Letter: Unintended consequences of a high performing district

Posted 2/11/20

To the editor:

Barrington is an amazing town. It’s a town people move to for the schools, a town people return to raise their children, a town that makes children a priority by providing …

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Letter: Unintended consequences of a high performing district

Posted

To the editor:

Barrington is an amazing town. It’s a town people move to for the schools, a town people return to raise their children, a town that makes children a priority by providing well-funded schools. We have much to be thankful for and much to celebrate. At the same time, there are consequences that come with being a high performing school district with a culture of achievement and high expectations. These consequences can have negative effects on our children. Our challenge is two-fold: we can be proud of our schools, we can support our teachers, and want the best for our children and at the same time acknowledge that we need to make bold changes to our culture to improve wellbeing outcomes for our children.

Adolescents are experiencing rates of anxiety, depression, and self-injury never seen before. Nationally, youth suicide rates have increased 30 percent since 2000, making suicide the second leading cause of death among middle and high school students. Locally, 15 percent of Barrington High School students reported thoughts of suicide last year. More than half report less than 7 hours of sleep a night, significantly less than the 8-10 hours adolescent brains and bodies require for optimal health. We have seen, in this paper, comments from students reporting that they cannot get the required sleep they need as it means “less time” for all their activities and obligations. They aren’t saying they don’t need adequate sleep. They are saying their schedules are so busy, they choose to sacrifice sleep in order to fit everything in. We are seeing the impact of technology on student well-being, from cyberbullying, to late night texting, to the recent local stories of middle school aged children sexting. Our children are not only exposed to more than they are psychologically ready to handle, many of our young people lack the resiliency critical to become successful adults.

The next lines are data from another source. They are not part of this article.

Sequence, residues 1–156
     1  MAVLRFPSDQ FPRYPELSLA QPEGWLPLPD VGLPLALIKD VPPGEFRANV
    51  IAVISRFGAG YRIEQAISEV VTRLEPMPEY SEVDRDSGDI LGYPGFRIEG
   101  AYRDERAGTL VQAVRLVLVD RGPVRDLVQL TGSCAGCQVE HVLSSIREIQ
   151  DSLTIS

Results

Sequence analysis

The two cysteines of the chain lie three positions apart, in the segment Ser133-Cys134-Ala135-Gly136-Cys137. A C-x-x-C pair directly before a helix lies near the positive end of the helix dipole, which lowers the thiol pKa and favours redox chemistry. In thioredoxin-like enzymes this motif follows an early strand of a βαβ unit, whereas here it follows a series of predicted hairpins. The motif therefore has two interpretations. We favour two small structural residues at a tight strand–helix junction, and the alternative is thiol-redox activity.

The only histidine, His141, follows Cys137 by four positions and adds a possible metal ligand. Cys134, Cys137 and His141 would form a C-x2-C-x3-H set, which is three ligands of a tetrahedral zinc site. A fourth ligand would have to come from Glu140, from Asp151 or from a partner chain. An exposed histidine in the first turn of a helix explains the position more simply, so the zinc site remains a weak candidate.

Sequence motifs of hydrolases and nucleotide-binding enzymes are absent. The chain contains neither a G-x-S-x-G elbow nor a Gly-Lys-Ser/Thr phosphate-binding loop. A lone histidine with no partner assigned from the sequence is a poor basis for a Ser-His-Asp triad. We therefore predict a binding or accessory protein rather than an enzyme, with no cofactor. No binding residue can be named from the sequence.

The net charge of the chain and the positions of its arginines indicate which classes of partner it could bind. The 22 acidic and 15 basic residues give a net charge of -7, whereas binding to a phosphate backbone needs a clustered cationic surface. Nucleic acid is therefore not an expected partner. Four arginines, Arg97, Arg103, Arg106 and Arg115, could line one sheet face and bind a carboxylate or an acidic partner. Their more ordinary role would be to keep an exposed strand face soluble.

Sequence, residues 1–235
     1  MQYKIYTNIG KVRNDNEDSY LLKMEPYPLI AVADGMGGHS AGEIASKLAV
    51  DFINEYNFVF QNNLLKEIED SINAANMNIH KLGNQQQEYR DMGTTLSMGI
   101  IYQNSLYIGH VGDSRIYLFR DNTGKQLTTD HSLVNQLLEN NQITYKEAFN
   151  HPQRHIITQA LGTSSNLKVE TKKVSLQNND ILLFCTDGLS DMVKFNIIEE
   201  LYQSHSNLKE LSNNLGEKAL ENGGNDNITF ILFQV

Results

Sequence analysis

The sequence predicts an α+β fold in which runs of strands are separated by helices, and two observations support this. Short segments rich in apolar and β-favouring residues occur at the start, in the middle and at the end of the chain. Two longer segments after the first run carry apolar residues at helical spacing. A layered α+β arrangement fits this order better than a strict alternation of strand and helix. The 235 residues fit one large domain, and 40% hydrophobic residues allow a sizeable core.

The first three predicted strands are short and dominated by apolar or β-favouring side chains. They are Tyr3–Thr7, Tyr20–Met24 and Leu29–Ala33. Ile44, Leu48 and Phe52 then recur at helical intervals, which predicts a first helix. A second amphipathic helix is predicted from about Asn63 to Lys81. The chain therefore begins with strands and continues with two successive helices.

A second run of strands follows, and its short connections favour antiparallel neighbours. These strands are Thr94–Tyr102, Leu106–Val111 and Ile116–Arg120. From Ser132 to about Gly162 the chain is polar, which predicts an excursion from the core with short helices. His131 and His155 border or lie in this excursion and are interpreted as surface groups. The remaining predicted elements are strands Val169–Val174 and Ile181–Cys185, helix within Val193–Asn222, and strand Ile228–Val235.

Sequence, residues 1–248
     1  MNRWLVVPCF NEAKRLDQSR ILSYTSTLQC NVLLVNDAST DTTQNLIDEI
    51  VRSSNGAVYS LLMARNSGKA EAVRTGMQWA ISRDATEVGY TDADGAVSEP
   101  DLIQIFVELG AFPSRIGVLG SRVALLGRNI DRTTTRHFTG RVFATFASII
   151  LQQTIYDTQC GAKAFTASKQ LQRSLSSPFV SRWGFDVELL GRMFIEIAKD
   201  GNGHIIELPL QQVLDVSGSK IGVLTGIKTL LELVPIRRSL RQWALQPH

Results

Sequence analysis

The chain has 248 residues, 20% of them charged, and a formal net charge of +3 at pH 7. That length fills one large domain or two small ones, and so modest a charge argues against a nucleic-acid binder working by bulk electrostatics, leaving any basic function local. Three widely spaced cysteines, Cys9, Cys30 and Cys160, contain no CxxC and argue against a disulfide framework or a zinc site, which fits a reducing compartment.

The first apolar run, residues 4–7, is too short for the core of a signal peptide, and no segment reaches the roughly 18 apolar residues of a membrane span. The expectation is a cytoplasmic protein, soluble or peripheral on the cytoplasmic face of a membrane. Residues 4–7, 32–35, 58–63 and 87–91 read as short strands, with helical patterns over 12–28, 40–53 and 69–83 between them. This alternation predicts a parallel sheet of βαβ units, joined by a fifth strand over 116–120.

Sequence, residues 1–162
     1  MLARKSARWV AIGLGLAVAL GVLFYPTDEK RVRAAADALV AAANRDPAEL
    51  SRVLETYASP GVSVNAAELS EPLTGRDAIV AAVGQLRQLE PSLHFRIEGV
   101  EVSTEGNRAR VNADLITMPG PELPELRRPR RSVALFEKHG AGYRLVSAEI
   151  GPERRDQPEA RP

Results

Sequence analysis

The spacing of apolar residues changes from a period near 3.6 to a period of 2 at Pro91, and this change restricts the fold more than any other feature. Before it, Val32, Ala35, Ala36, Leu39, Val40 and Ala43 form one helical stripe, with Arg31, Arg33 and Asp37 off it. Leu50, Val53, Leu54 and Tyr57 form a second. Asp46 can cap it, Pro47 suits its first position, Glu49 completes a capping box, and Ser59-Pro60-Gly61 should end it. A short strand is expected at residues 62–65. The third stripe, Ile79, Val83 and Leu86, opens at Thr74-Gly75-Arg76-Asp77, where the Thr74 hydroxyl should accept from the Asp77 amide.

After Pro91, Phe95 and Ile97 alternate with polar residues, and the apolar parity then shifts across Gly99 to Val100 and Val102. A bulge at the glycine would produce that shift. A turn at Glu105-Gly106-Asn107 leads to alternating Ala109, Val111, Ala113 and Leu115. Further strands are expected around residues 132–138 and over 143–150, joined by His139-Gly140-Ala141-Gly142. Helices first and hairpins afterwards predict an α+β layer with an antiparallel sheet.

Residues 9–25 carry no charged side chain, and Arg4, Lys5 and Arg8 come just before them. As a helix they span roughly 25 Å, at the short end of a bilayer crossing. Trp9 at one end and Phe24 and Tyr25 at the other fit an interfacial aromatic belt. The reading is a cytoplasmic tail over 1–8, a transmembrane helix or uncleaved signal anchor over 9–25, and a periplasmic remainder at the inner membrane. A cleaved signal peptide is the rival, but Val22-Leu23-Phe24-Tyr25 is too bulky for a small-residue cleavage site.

In our quest to ensure our children’s success, are we putting their physical and mental health in harm’s way?  We see issues within our schools related to vaping, cheating, and increasing numbers of 504 plans related to mental health. On average, Barrington students taking two Advanced Placement (AP) courses reported cheating significantly more than students taking no AP courses. Children are reporting that in addition to 8-10 hours a day focused on academics between classes and homework, they have significant extracurricular commitments. They are members of multiple clubs with evening meetings; they take part in 10-plus hours a week of physical training on sports teams (plus hours traveling to games), they work part-time jobs, and they participate in community service.  

While all these things in moderation are a sign of active and engaged students, too many are feeling pressure to do all these things at the same time, which is unsustainable. This high-pressure culture, once reserved for high school students has been seeping down to our middle school, with students feeling pressure to prep for college, to train similarly to high school sports teams, to be compulsively checking technology for grades. Many of us are concerned about the high stress culture our children are experiencing.

As an adolescent mental health professional, I see daily the unintended consequences of high-pressure, high stress environments on teens and young adults. While our children might be well prepared academically for college, I know many are struggling emotionally. Many are overwhelmed with anxiety, depression, and burn out.  Others struggle to handle the rigors of college independent from parents. We need to be open to ongoing changes to alter this unhealthy culture; a culture that is very different than the one many of us experienced decades ago. We need to be open to talking about these issues and seeking positive changes. Our children’s wellbeing depends on it.

Maura McCrann

Barrington

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